Has the Inflation Reduction Act set the US on course to net-zero by 2050?

Pictured: Spring Valley Wind Farm, Nevada

The Act was approved in the Senate a year ago this week. It includes the world’s largest climate-related spending package to date, detailing a total of $369bn for low-carbon technologies, green skills training and climate adaptation.

Before the Act passed, President Joe Biden stated an ambition for the spending to help facilitate a 40% reduction in the US’s energy-related emissions by 2030. This was before some of the spending was vetoed by rebel Democrats and Republican policymakers. Now, BloombergNEF (BNEF) has revealed that the Act is likely to result in a 40% reduction in energy-related emissions by 2035, against a 2021 baseline.

By 2050, the US’s energy-related emissions will be 55% lower than in 2021, BNEF predicts.

While this is welcome progress, it will not be enough to align the US’s energy sector with net-zero by 2050. BNEF is highlighting how closing the gap and delivering a more rapid energy transition could attract $8trn of additional investment from the private sector between 2022 and 2050.

This is on top of the $22trn already predicted to have been unlocked through the Inflation Reduction Act.

The analysis states that, in a net-zero-aligned scenario, the US’s public purse will need to provide a further $10trn of funding to low-carbon supply and to energy efficiency and storage. It could raise at least $2bn by paring back investments in unabated fossil fuels.

Technology pathways

BNEF’s modeling finds that the cheapest way for the US to reduce emissions involves scaling up investment in wind and solar power generation and transmission. Solar capacity could be evenly split between rooftop systems and large-scale projects, as the US has an abundance of land and roofs that could be used.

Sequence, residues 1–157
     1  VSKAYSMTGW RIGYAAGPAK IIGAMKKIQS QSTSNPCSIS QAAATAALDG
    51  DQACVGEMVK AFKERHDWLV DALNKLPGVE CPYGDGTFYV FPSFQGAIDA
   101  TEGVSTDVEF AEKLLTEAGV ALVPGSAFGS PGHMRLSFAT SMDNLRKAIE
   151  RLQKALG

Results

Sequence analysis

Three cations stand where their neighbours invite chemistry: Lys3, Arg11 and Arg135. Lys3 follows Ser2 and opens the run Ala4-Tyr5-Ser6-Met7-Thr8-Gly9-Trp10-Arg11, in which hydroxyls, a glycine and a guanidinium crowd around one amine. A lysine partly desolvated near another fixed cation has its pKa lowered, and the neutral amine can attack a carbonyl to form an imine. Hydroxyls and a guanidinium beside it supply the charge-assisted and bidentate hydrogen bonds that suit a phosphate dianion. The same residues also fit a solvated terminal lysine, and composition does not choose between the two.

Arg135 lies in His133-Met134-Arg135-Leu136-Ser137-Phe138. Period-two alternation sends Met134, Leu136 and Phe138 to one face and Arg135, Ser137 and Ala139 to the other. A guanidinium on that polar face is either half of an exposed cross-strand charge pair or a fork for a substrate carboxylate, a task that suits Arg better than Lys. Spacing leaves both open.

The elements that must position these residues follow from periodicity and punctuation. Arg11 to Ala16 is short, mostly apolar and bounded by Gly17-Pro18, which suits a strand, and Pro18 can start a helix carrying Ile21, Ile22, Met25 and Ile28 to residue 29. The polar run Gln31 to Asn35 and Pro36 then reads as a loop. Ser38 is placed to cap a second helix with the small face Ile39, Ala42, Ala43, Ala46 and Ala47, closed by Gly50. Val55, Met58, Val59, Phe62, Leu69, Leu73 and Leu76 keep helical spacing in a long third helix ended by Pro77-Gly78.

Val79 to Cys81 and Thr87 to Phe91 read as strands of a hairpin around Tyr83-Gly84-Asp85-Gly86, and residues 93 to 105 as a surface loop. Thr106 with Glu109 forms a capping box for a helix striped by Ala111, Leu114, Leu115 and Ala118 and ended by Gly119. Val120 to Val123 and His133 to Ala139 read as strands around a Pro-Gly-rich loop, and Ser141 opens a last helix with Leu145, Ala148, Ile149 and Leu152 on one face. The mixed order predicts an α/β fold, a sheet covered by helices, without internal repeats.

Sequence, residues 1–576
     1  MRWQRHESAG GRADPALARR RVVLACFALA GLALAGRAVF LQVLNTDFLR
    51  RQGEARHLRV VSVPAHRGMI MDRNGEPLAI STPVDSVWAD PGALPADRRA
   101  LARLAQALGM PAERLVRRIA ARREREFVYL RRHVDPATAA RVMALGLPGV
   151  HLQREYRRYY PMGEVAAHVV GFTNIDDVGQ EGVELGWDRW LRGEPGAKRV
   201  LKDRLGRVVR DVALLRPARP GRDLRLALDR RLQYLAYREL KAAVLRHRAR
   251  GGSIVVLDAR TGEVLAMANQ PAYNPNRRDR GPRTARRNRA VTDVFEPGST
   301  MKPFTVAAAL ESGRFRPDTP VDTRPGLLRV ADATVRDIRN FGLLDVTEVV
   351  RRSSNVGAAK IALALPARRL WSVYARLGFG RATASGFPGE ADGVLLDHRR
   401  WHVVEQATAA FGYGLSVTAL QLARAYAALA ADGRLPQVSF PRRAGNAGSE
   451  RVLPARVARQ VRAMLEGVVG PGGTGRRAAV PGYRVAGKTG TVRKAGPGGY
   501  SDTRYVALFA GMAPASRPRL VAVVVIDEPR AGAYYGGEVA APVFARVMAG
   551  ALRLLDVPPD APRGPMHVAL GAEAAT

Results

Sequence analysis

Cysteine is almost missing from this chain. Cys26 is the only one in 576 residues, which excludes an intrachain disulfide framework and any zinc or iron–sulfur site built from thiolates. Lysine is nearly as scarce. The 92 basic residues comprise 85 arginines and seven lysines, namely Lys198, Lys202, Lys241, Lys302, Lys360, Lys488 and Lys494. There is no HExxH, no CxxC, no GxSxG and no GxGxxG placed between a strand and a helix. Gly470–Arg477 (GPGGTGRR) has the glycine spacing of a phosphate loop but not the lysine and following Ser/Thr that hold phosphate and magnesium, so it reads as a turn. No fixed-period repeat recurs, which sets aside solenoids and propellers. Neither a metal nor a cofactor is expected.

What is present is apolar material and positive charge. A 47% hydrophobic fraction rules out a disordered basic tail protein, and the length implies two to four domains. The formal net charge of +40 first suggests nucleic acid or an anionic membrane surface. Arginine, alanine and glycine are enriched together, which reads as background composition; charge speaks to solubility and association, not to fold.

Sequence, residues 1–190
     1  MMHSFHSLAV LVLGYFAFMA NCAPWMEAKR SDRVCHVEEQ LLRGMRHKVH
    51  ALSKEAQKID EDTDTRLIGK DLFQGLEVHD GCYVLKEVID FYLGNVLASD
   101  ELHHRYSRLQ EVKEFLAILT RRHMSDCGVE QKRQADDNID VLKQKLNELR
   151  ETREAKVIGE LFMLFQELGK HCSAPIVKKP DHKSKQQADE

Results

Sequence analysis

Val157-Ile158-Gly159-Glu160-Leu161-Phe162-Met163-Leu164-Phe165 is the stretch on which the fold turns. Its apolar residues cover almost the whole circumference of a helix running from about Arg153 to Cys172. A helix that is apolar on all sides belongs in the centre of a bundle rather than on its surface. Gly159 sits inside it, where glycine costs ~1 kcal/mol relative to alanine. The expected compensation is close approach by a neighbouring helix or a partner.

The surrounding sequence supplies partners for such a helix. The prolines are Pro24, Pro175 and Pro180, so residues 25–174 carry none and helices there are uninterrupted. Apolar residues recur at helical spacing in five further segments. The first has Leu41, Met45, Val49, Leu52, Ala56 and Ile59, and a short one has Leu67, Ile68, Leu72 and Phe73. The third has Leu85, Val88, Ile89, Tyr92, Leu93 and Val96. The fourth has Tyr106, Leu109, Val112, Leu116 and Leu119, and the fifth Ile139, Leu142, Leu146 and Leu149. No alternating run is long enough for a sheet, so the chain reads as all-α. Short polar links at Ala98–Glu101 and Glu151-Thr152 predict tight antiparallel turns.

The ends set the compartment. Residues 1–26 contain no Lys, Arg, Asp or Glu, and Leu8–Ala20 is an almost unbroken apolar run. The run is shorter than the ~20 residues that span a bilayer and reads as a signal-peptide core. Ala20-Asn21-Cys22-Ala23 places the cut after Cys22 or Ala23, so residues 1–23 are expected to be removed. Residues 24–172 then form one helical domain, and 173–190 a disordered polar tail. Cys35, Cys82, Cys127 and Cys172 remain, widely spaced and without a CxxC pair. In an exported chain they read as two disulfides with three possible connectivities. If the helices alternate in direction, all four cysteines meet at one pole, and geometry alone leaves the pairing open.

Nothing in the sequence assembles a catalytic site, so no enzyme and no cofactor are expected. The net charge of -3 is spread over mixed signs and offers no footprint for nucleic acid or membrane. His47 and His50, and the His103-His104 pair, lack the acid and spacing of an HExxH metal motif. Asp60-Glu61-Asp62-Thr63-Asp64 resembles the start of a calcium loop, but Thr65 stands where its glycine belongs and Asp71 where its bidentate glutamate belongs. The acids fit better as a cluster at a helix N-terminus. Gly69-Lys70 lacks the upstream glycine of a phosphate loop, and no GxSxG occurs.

At present, however, the US is partly betting on some more costly options – including carbon capture and storage (CCS) for gas plants and hydrogen plants. It is also set to scale back CCS subsidies before the technology matures, BNEF is warning.

BNEF has stated that, due to the Act, gas-fired electricity generation coupled with CCS will become cost-competitive with unabated gas in 2028. But it is unlikely to be adopted at scale until some years later, just as the US scales back tax credits.

BNEF is recommending that President Biden extends the tax credit scheme to 2050 while also implementing measures to scale back gas-fired power generation and replace it with cheaper, cleaner options.

“As cleaner power becomes key to decarbonizing everything else, the US must address its love affair with gas,” said BNEF’s senior associate for US power markets Tara Narayanan.

The good news is that coal is certainly on the way out. Whatever happens, all of the US’s coal-fired electricity generation is set to come offline by the 2030s at the latest, by BNEF’s predictions.

Away from the power sector, BNEF is predicting a “more muted” decline in emissions from industry under the Act. This is because it funds the use of hydrogen in heavy industry to a greater extent than electrification, which large energy users are likely to find more costly due to higher installation and operating costs.

“Ultimately, industrial decarbonization in the US depends more on electrification and fossil fuels with CCS than on hydrogen,” notes BNEF in its net-zero-aligned scenario.

BNEF’s analysis looks at emissions from energy-related sectors only. It does not cover emissions from land use and agriculture.

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